Tulsa, Okla.: Fear Spreads After 5 Blacks Are Shot

Residents of Tulsa's predominantly black north side said Saturday they fear a shooter is still roaming their neighborhoods looking for victims after five people were shot - three of them killed - a day earlier.

Tulsa Mayor Dewey Bartlett (center) with City Councilor Jack Henderson as Police Chief Chuck Jordan speaks to reporters.

Tulsa, Okla. -- Residents of Tulsa's predominantly black north side said Saturday they fear a shooter is still roaming their neighborhoods looking for victims after five people were shot - three of them killed - a day earlier.

"We're all nervous," said Renaldo Works, 52, who was getting his hair cut at the crowded Charlie's Angels Forever Hair Style Shop on Saturday. "I've got a 15-year-old, and I'm not going to let him out late. People are scared."

Investigators believe the shootings are linked as they took place at about the same time and within a 3-mile area. All five victims were black, and all were out walking when they were shot.

One of the victims told police that the shooter was a white man driving a white pickup truck who stopped to ask for directions before opening fire. Officer Jason Willingham said Saturday that the pickup was spotted in the area of three of the shootings.

"We don't have one definitive way where this investigation is headed," Willingham said. "Right now, that's the only thing we have to go on."

More than two dozen officers are investigating the case, along with the FBI and U.S. Marshals Service.

"We have to handle this because there are a number of African American males who are not going to allow this to happen in their neighborhood," said the Rev. Warren Blakney Sr., president of the Tulsa NAACP. "We're trying to quell the feeling of 'Let's get someone,' and we will make as certain as we can that this isn't pushed under the rug."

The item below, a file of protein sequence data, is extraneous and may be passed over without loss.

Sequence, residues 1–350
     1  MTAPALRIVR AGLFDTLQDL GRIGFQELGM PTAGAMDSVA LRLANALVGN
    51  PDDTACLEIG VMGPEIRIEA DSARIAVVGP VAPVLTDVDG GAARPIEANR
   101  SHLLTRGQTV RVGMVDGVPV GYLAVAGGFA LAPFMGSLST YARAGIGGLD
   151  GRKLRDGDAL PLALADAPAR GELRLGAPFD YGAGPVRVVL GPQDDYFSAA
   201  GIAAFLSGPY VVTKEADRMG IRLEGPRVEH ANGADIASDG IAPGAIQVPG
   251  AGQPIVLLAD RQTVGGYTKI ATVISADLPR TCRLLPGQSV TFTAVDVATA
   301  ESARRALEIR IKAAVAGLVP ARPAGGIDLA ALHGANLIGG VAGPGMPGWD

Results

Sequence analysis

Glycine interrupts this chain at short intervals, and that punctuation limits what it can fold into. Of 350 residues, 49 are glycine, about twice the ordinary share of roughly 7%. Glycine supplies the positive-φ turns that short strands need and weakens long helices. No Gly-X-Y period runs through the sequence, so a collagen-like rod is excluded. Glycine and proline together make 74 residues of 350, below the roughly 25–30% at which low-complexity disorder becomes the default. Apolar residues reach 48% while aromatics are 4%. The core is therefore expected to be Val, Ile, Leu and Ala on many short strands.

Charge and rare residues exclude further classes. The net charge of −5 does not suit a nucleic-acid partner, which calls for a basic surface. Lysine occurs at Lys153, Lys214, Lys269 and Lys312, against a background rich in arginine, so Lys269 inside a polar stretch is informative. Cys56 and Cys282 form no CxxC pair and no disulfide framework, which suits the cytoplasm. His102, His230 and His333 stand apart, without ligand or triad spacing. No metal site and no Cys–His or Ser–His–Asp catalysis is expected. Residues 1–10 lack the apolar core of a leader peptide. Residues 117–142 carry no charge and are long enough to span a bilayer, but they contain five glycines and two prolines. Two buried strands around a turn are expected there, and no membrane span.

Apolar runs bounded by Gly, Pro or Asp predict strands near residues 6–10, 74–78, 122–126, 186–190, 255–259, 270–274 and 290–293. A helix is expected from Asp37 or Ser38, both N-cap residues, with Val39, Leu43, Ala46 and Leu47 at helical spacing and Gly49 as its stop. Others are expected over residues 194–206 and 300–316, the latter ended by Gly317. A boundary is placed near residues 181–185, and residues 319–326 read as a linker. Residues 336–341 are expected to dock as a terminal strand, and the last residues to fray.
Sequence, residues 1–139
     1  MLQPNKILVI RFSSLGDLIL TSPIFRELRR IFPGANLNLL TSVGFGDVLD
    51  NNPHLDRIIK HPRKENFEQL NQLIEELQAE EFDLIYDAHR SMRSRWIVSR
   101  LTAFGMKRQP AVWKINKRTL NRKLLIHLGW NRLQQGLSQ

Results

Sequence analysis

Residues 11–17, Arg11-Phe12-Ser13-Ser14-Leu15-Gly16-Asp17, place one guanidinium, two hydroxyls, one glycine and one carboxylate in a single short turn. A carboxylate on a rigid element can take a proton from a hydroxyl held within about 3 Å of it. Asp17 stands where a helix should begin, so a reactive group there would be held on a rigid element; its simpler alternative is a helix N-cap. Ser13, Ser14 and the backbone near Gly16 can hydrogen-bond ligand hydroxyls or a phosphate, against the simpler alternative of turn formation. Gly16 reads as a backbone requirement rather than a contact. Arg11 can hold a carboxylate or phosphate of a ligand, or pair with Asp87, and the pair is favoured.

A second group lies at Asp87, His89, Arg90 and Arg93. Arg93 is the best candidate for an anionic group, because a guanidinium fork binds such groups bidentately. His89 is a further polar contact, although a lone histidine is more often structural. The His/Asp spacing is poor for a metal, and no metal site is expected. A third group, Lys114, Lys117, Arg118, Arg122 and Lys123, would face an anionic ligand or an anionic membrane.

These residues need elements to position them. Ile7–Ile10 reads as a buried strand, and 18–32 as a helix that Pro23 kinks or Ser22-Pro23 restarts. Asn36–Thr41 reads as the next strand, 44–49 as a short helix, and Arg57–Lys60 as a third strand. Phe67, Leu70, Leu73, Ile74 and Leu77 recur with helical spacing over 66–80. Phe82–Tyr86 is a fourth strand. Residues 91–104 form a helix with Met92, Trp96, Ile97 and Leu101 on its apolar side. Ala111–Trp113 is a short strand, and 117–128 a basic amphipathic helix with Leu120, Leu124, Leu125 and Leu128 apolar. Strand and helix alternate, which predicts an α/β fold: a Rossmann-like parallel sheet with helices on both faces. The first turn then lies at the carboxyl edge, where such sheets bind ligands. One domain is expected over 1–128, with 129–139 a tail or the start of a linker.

Charles Jones, 40, said the north side has its share of crime trouble, but residents have never faced a series of random killings like these.

"It's pretty shocking," Jones said. "We've never had any serial-type stuff."

At a neighborhood park a couple blocks from two of the shootings, parents kept close watch over their children during an Easter egg hunt.

"Everybody has to just stick together," said parent Wayne Bell, 47. "It's more of a keep close to the nest thing right now."

Four of Friday's shooting victims were found in yards, and the fifth in a street. Police identified those killed as Dannaer Fields, 49, Bobby Clark, 54, and William Allen, 31.

Blakney said distrust between the African American community and the Police Department had raised concerns the shootings wouldn't be fully investigated, and he contacted police to emphasize the need for them to work together to avoid vigilantism.

The Tulsa Police Department has been tainted by accusations of corruption. Three ex-police officers and a former federal agent were sentenced to prison in December after a two-year investigation involving allegations of falsified search warrants, nonexistent informants, perjury and stolen drugs and money.